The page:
BladeRoom Group Limited et al v. Facebook, Inc.

Filing 203

ORDER by Magistrate Judge Howard R. Lloyd re 124 Discovery Dispute Joint Report No. 1. (hrllc2, COURT STAFF) (Filed on 2/28/2017)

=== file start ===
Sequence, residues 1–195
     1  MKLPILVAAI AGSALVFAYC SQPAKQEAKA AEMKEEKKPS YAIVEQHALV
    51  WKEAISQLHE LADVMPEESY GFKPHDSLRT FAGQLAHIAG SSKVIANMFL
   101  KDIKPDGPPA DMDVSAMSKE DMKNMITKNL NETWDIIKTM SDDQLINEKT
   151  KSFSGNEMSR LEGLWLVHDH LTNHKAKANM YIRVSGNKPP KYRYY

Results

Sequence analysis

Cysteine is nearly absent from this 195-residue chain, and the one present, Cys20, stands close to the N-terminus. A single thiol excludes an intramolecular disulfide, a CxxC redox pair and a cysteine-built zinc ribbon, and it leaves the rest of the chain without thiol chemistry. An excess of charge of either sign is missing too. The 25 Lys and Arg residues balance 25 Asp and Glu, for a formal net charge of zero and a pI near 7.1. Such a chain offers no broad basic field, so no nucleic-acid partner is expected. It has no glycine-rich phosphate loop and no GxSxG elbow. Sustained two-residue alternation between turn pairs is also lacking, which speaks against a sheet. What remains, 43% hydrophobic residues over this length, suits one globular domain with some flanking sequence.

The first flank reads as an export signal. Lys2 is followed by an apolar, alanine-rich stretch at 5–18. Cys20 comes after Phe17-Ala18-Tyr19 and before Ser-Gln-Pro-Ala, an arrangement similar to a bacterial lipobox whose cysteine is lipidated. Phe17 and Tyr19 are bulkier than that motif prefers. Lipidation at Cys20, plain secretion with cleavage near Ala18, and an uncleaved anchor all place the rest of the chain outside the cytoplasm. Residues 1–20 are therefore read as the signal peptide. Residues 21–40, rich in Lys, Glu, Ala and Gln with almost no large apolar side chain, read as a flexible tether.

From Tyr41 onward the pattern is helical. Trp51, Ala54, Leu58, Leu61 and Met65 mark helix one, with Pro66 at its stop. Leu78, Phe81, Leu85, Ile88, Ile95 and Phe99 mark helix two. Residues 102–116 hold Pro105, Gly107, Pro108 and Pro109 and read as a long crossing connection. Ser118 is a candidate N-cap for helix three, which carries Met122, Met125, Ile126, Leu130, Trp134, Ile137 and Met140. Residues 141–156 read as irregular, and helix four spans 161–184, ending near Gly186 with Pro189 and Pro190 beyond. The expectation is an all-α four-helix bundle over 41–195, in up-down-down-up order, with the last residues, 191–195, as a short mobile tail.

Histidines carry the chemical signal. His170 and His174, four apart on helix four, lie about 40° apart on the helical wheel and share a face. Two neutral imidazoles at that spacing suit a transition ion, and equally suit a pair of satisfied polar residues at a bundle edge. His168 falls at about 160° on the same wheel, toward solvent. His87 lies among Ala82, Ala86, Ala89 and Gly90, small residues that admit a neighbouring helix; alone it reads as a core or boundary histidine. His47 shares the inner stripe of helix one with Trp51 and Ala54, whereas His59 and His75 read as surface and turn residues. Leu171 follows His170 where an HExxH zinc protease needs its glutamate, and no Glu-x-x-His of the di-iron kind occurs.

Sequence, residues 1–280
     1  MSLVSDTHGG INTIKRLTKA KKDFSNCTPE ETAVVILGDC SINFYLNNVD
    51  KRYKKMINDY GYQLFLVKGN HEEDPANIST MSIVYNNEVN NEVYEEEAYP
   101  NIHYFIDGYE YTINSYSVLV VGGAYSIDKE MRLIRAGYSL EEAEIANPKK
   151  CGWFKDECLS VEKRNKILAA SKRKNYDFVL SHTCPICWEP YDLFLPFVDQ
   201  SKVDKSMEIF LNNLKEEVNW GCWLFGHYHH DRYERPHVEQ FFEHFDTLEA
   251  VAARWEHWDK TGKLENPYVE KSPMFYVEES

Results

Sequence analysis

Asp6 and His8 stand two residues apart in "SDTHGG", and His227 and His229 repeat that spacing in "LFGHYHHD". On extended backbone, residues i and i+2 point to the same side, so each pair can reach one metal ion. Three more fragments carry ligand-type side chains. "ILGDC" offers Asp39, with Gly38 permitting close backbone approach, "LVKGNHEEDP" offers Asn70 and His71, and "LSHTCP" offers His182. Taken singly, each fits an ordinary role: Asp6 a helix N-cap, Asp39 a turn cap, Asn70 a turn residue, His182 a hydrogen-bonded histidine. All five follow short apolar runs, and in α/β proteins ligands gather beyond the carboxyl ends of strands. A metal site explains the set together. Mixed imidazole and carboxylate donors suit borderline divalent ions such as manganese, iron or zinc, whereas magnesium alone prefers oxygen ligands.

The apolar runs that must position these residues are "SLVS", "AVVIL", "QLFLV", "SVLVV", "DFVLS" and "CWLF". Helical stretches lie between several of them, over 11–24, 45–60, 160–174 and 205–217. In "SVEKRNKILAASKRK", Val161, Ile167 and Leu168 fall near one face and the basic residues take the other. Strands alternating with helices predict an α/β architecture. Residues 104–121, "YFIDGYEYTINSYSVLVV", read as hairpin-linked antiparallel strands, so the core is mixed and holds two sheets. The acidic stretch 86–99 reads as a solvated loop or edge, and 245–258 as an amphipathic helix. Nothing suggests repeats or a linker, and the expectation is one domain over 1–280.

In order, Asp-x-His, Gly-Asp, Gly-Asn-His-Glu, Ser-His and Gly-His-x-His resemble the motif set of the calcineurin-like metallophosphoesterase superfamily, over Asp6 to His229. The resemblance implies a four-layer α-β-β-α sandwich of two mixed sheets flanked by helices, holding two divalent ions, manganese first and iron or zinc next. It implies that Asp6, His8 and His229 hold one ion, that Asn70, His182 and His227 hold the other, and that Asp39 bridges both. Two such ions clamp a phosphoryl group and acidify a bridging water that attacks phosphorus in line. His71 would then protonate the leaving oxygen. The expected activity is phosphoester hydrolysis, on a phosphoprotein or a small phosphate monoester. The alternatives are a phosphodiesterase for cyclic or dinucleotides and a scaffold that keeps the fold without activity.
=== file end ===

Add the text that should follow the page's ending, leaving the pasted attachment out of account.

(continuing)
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1 2 3 4 5 6 7 8 UNITED STATES DISTRICT COURT 9 NORTHERN DISTRICT OF CALIFORNIA 10 SAN JOSE DIVISION United States District Court Northern District of California 11 BLADEROOM GROUP LIMITED, et al., 12 Case No.5:15-cv-01370-EJD (HRL) Plaintiffs, 13 ORDER RE DISCOVERY DISPUTE JOINT REPORT NO. 1 v. 14 FACEBOOK, INC., et al., 15 Re: Dkt. No. 124 Defendants. 16 17 Plaintiffs sue for alleged misuse of claimed trade secrets concerning designs and 18 methodology for building data centers. Discovery Dispute Joint Report (DDJR) No. 1 presents a 19 dispute as between plaintiffs, on the one hand, and defendant Facebook, Inc. (Facebook) on the 20 other. At issue: whether Facebook’s retained testifying expert, KC Mares, may access and use 21 material that plaintiffs designated “Confidential” or “Highly Confidential-Attorney’s Eyes Only” 22 under the stipulated protective order.1 (Dkt. 54). The matter is deemed suitable for determination 23 without oral argument. Civ. L.R. 7-1(b). Upon consideration of the parties’ respective 24 arguments,2 this court rules as follows: 25 1 26 27 Plaintiffs point out that they have agreed that Facebook’s seven other retained experts may access their confidential information. Facebook says that those seven others are employees of a litigation analytics firm who will not testify. 2 28 This court has not found it necessary to consider plaintiffs’ supplemental exhibits from a press release and from a website. Defendant’s request for leave to file a supplemental response to those In his curriculum vitae, Mares describes himself as the “[e]xecutive leader of global data 1 2 center strategy, development, design, procurement and operations.” (Dkt. 124-1 at 6). He further 3 states that he has “led the design and construction of $5-10 billion of data centers and [has] 4 negotiated and managed data center and network services with nearly every major provider.” 5 (Id.). Mares has a consulting business, MegaWatt Consulting, Inc., in which he advises clients on 6 data center design, operation, site selection, development, and energy efficiency. (Id.). Among 7 the services and experience offered to clients is: “Led the development of various software, 8 renewable energy and technology products and a reviewer of many new technologies used within 9 the data center space . . ..” and “Lead design teams for many complex data center projects, 10 creating innovations and PUEs of less than 1.1.” (Id.).3 United States District Court Northern District of California 11 Plaintiffs previously considered allowing Mares to access their claimed confidential 12 information, provided that he signed a declaration agreeing to refrain from certain activities. 13 Among other things, plaintiffs’ proposed declaration required Mares to agree to the following 14 statements:  15 “I have not designed data centers and have no current plans to design data centers”; and 16  17 “I will not . . . provide designs for data centers during the pendency of the Litigation and for one year following the termination of the Litigation.” 18  19 “I will not . . . .consult on the design or build of an air handling system during the 20 pendency of the Litigation and for one year following the termination of the 21 Litigation.” 22 (Dkt. 124, DDJR 1 at 7; Dkt. 125-2 at 3). Mares had no problem with other aspects of plaintiffs’ 23 proposed declaration (see Dkt. 125-1); and, Facebook contends that any concerns about plaintiffs’ 24 confidential information are sufficiently addressed by portions of the declaration that Mares 25 offered to sign, including that for the duration of this litigation (and for one year after its 26 27 exhibits is denied. 3 28 Although not explained in the present DDJR, this court’s understanding is that “PUE” essentially is a measure of how efficiently a data center uses energy. 2 1 termination), he would recuse himself from decisions involving subcontractor selection/evaluation 2 if plaintiffs were among the bidders; would not provide engineering or architectural services; and 3 would not design or build an air handling system. (Dkt. 125-1 at 3). Defendant argues that this 4 proffered declaration, coupled with the terms of the stipulated protective order, are sufficient to 5 address plaintiffs’ concerns. In plaintiffs’ view, defendant’s proffer is insufficient without the 6 additional assurances re data center design. The deal-breaker was that Mares could not sign off on 7 the above-quoted representations. Facebook says that is because Mares is asked to consult on data 8 center design from time to time. 9 Without their desired declaration, plaintiffs oppose Mares’ access to their confidential information, arguing that his ongoing consulting work in data center design presents an 11 United States District Court Northern District of California 10 unacceptable risk of inadvertent misuse. They fear that Mares, once having had access to their 12 confidential information, will not be able to compartmentalize their claimed trade secrets from 13 other information he obtains and uses in the course of his work. Facebook contends that plaintiffs’ 14 concerns are unfounded. 15 To resolve this dispute, the court balances Facebook’s interest in selecting the experts most 16 beneficial to its case with plaintiffs’ interest in protecting their claimed trade secrets from 17 disclosure to competitors. Symantec Crop. v. Acronis Corp., No. 11-5310 EMC (JSC), 2012 WL 18 3582974 at *3 (N.D. Cal., Aug. 20, 2012). As the parties opposing disclosure, plaintiffs bear the 19 burden of demonstrating that the risk of harm that disclosure to Mares would entail (under any 20 proposed safeguards) outweighs Facebook’s need for Mares’ access to such materials. 21 The primary point of contention is whether Mares is a competitor of plaintiffs. Under the 22 stipulated protective order, an expert cannot be “a past or current employee of a Party or of a 23 Party’s competitor” or “anticipated to become an employee of a Party or of a Party’s competitor.” 24 (Dkt. 54 ¶ 2.7). Facebook contends that Mares is not a “competitor” in any sense of the word 25 because, unlike plaintiffs, Mares does not himself design or build data centers. Rather, he advises 26 clients about them; and, simply consulting on aspects of data center design, says Facebook, does 27 not make Mares a competitor. Here, defendant cites Rheumatology Diagnostics Lab., Inc. v. 28 Aetna, Inc., No. 12-cv-05847-WHO, 2015 WL 1744330 at *11 (N.D. Cal., Apr. 15, 2015) in 3 1 which the court concluded that an expert was not defendant’s competitor where his services were 2 similar, but “not the same thing” as defendant’s (i.e., he helped physicians install and operate 3 clinical laboratories, whereas defendant provided physicians with clinical laboratory services). 4 Mares is not a “competitor” of plaintiffs in any traditional or conventional sense. Even so, 5 this court finds that there is a potential risk of inadvertent disclosure of plaintiffs’ confidential 6 information because the record suggests that a purpose of Mares’ consultancy is to advise, inform, 7 and guide decisions re data center design. See, e.g., Isis Pharmaceuticals, Inc. v. Santaris Pharma 8 A/S Corp., No. 11cv2214-GPC (KSC), 2013 WL 3367575 at *6 (S.D. Cal., July 5, 2013) (finding 9 a risk of inadvertent disclosure where the essence of the proposed expert’s consulting practice was 10 United States District Court Northern District of California 11 “to impact, shape, and inform decisions” re the subject technology). Further, plaintiffs point out that Mares actively consults in the very field at issue. Courts 12 have concluded that a “proposed expert’s ongoing work in the field created a substantial risk of 13 misuse such that he should only be allowed access to the confidential information if he possessed 14 ‘unique expertise.” GPNE Corp. v. Apple, Inc., No. 5:12-cv-02885-LHK (PSG), 2014 WL 15 1027948 at *1-2 (N.D. Cal., Mar. 13, 2014) (denying access to confidential materials by an expert 16 who actively consulted with plaintiff’s competitors and where there was no showing that he had 17 unique qualifications that would make him better suited than any other expert); Symantec Corp., 18 2012 WL 3582974 at *2-3 (denying access to confidential materials where the expert offered 19 consulting and analysis in the very field at issue and there was no showing that the expert had 20 unique knowledge that could not be found in another expert). Cf. Advanced Semiconductor 21 Materials Am. Inc. v. Applied Materials Inc., No. 95-20169, 1996 WL 908654, at *3 (N.D. Cal. 22 Oct. 28, 1996) (allowing access to confidential materials by an expert who had not consulted on 23 the technology at issue for four years). 24 This court wonders whether anyone Facebook might want to use would be able to sign off 25 on the representations plaintiffs desire, namely that the proposed expert has not designed data 26 centers and has no plans to do so. Nevertheless, the court concludes that, on balance, the risk of 27 inadvertent disclosure is not outweighed by prejudice to Facebook. Here, as in GPNE and 28 Symantec Corp., defendant has not identified any unique qualifications or knowledge Mares has 4 1 that make him better suited to serve than any other expert. Cf. Isis Pharmaceuticals, Inc., 2013 2 WL 3367575 at *7-8 (allowing disclosure of confidential information to a proposed expert where 3 the field in question was highly specialized and the pool of available experts was small). 4 5 6 7 Based on the foregoing, plaintiffs’ request for an order precluding Mares’ access to their confidential information is granted. SO ORDERED. Dated: February 28, 2017 8 9 HOWARD R. LLOYD United States Magistrate Judge 10 United States District Court Northern District of California 11 12 13 14 15 16 17 18 19 20 21 22 23 24 25 26 27 28 5 1 5:15-cv-01370-EJD Notice has been electronically mailed to: 2 Anthony David Giles 3 Elizabeth Lee Stameshkin 4 Erik Christopher Olson 5 Eugene Y. Mar 6,,,, Heidi Lyn Keefe, 7 James Alexander Reese 8 9 10 Jeffrey M. Fisher,,, Julia Frederika Kropp,, United States District Court Northern District of California 11 12 13 Kristine Anne Forderer Mark Frederick Lambert,,, 14 Mark R. Weinstein 15 Matthew David Caplan 16 Melinda Mae Morton,, 17,, 18 Michael Graham Rhodes 19 Robert H. Sloss,, 20 21 Robert Thomas Cahill , Jr 22 Stephanie Powers Skaff,,,, 23 24 25 26 27 28 6